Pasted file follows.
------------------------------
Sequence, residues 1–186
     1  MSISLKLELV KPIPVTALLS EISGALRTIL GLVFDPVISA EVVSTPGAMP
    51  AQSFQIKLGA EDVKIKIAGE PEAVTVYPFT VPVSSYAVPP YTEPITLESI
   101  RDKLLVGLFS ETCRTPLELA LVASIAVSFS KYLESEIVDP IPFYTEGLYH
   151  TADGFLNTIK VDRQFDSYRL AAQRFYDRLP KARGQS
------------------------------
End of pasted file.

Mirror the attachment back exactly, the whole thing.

Sequence, residues 1–186
     1  MSISLKLELV KPIPVTALLS EISGALRTIL GLVFDPVISA EVVSTPGAMP
    51  AQSFQIKLGA EDVKIKIAGE PEAVTVYPFT VPVSSYAVPP YTEPITLESI
   101  RDKLLVGLFS ETCRTPLELA LVASIAVSFS KYLESEIVDP IPFYTEGLYH
   151  TADGFLNTIK VDRQFDSYRL AAQRFYDRLP KARGQS